Set to the music of the New Pornographers, this shaky-hand footage is from Saturday, July 19.

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‘i am 8-bit’ paper sculptures by Scott C

I think I like papercraft because it reminds me of paper dolls and junior high love letters.

i am 8-bit paper arcade machine trawn paper arcade machine

These lovely paper sculptures by Scott Campbell (of Double Fine!) are perfect little odes to arcade gaming. I have a hunch—and remember, this is only a guess—that these sculptures are part of a larger paper landscape, to be exhibited at the fourth annual i am 8-bit gallery show. As always, the show promises to feature exciting new art with retro sensibilities.

i am 8-bit opens August 14 at the World of Wonder in Hollywood, California.

Incidentally, the Virtual Boy launched on August 14, 1995. I know this because my birthday is August 14.

i am 8-bit
August 14 – September 7, 2008
World of Wonder
6650 Hollywood Blvd
Hollywood, CA 90028

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Nintendo press conference transcript

Ahh. Another E3 has come to a close, and the entire internet breathes a sigh of disappointment. I was checking my RSS feeds for some nice wrap-up coverage, and I happened to check in on a blog called Error Macro. Its author—somebody named Bill—can always be counted on for unbiased videogame coverage.

This is a little out of the ordinary for Error Macro, however. Here’s a clip from the entry A Summary of the Nintendo Press Conference:

Nintendo press conference: in summary

Be sure to click and see the whole blog post in its beautiful entirety.


Blown glass rayguns

In my five years of collecting rayguns, I’ve learned to never buy or display anything too pricy… or priceless. Anytime a guest drops by, his instinct is to immediately swipe the raygun from the shelf, wield the gun in his right hand, and roughly depress the trigger several times, eliciting that satisfying rat-a-rat-a-whir from the gun’s bellows—it sounds like, if nothing else, a hard drive crashing.

But as of right now, I am willing to make an exception to my No Delicate Rayguns policy.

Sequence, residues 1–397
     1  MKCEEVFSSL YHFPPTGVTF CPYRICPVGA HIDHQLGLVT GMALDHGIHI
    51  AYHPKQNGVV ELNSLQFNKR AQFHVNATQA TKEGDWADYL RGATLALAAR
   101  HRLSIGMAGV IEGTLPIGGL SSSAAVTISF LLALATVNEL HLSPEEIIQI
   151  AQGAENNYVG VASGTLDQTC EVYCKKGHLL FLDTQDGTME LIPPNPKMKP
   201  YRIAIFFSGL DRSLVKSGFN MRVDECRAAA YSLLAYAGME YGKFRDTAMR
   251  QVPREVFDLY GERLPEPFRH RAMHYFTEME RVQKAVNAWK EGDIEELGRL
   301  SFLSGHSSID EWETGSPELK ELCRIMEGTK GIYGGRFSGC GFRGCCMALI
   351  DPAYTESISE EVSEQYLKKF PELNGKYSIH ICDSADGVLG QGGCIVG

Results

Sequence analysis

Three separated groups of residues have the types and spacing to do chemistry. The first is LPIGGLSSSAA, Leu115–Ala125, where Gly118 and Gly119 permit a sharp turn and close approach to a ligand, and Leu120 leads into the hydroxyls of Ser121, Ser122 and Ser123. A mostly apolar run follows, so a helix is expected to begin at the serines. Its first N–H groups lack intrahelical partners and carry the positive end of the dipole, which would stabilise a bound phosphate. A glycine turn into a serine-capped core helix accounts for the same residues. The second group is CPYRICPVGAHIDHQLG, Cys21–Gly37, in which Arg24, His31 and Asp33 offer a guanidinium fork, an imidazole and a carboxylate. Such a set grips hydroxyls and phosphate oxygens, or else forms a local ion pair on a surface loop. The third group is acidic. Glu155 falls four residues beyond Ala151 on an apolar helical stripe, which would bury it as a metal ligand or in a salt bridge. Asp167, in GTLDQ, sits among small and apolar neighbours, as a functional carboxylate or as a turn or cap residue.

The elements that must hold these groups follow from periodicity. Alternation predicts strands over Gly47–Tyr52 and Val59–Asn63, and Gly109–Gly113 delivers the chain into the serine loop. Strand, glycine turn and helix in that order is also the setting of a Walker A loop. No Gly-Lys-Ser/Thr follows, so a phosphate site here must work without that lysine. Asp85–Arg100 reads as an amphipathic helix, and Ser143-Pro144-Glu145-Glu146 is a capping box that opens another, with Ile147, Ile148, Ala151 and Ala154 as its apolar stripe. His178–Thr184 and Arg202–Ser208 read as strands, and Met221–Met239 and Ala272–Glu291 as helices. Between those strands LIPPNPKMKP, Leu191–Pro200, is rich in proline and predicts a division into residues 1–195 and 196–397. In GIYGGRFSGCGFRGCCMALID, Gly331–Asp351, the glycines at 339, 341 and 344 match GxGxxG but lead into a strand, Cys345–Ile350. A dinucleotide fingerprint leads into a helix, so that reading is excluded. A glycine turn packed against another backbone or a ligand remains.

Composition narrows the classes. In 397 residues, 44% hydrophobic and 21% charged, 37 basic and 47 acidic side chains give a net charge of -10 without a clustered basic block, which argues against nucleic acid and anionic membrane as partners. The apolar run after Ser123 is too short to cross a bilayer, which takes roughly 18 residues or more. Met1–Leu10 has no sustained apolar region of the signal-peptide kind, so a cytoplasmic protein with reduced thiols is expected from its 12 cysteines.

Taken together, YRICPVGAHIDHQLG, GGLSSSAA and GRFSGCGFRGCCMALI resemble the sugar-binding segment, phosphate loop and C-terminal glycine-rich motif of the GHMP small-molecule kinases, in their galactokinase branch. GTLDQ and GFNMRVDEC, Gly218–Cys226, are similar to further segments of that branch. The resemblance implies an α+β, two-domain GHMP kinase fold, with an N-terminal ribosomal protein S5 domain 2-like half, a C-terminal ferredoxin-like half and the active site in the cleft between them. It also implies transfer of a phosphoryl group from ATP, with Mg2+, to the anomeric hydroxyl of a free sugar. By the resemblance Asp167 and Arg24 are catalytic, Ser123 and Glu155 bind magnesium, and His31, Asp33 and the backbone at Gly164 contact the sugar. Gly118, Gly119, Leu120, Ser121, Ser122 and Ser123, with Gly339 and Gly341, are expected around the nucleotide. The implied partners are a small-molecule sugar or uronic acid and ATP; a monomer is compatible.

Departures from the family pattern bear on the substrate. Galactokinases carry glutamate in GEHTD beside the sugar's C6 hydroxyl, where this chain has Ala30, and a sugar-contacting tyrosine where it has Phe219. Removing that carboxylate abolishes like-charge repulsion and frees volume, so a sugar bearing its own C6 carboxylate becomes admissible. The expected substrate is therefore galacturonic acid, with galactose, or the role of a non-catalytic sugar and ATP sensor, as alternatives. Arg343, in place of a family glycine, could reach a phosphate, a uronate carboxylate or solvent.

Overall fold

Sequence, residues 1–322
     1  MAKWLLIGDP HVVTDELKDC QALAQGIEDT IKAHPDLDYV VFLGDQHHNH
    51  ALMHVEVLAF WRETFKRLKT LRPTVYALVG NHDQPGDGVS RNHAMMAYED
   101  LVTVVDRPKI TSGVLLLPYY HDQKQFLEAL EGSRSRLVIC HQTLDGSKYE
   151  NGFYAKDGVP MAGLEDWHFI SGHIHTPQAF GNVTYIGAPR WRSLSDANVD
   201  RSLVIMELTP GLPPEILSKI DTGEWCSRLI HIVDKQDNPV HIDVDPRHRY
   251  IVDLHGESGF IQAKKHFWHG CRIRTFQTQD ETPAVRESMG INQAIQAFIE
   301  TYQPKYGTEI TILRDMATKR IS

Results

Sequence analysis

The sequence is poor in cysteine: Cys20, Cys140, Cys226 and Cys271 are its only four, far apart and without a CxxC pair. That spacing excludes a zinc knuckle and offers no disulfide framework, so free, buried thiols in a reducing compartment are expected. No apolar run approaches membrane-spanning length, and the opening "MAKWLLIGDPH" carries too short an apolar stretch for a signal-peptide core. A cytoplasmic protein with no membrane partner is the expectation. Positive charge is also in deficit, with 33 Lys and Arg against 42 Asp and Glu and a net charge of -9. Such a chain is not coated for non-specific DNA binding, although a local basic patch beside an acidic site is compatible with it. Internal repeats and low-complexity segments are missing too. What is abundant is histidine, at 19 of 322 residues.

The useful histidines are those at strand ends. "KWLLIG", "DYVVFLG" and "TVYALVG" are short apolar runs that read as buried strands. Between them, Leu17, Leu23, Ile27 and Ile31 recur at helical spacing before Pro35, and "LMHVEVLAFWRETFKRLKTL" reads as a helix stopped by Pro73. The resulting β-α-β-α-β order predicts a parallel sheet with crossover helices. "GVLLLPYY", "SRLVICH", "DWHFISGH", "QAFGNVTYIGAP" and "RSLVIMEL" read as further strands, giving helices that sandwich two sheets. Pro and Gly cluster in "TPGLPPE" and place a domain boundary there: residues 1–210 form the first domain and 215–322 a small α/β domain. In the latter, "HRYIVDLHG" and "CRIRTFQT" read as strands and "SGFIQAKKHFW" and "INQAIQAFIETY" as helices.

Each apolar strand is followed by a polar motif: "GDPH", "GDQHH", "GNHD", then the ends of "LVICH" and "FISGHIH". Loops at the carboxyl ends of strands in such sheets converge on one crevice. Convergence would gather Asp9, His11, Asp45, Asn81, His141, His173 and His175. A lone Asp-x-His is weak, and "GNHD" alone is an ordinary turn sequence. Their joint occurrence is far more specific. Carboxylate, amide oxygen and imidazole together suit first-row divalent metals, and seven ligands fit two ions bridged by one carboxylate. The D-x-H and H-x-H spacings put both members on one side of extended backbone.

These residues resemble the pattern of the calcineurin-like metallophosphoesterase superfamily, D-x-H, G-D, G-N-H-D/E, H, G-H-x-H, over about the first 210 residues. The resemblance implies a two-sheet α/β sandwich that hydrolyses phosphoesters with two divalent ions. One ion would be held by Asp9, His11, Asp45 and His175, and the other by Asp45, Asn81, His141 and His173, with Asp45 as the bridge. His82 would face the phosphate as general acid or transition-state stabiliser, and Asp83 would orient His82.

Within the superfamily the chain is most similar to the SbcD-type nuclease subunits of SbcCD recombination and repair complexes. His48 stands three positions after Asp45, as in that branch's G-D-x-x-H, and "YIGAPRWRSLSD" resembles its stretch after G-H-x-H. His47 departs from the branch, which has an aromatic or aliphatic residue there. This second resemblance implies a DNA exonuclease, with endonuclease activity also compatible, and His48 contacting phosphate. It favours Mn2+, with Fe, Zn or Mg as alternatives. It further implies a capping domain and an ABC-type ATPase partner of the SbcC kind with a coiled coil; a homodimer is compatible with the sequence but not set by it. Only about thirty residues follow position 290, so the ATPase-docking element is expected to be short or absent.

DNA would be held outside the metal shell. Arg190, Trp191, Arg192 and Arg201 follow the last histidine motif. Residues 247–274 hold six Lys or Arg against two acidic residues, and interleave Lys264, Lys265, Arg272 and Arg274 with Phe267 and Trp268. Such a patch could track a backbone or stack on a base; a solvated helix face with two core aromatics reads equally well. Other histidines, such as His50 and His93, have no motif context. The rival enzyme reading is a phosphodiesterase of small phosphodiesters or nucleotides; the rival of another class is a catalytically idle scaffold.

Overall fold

Blown glass raygun

Blogger Michael Pinto located these gorgeous blown-glass rayguns, which are crafted by Joe Blow Glassworks’ Jeff Burnette.

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Ready for a game of D&D at the drop of a hat

Last night I was sifting through the iPhone’s app store (again), and I noticed a 99-cent application called the D20 Gaming Dice Set.


I tapped at my iPhone, which brought me to a download screen. I don’t really play tabletop games but, sure enough, the D20 Gaming Dice Set is exactly as I’d hoped:

D20 Gaming Dice Set provides a set of dice compatible with most dice based games. The application provides 4, 6, 8, 10, 12, 20, and 100 sided dice. It will let you roll between 1 and 9 dice at a time.

D20 Gaming Dice SetI love this idea. You’re sitting around a table with friends, and then you suddenly blurt, “Oh, I know what we should do!” And you bring your iPhone out and pass it around, and your iPhone really is a Swiss army knife of technology. And everyone is so impressed with your phone, and therefore, by proxy, with you! And the game is going wonderfully; truly, you are the life of the party!

But then your battery dies before the game’s end, and everyone looks at you a little bit accusatorily. You shrink in your seat, wondering why you don’t simply travel with a spare die. And I pat you on the back and I tell you it all reminds me of that time in NYC when I mocked my friend Dave for using an enormous travel guide with fold-out maps, but then my iPhone’s battery died and I was suddenly useless. In junior high, I once flunked a survival mission—it was “map orientation,” the real-world application of a compass in the wilderness—and even with a map, even today, I am perpetually lost.

Seven types of die? Nine of each type of die? I’m no mathematician, but that’s 63 dice! The D20 Gaming Dice Set is, if nothing else, a moneysaver.

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Just wait’ll Nyko sees this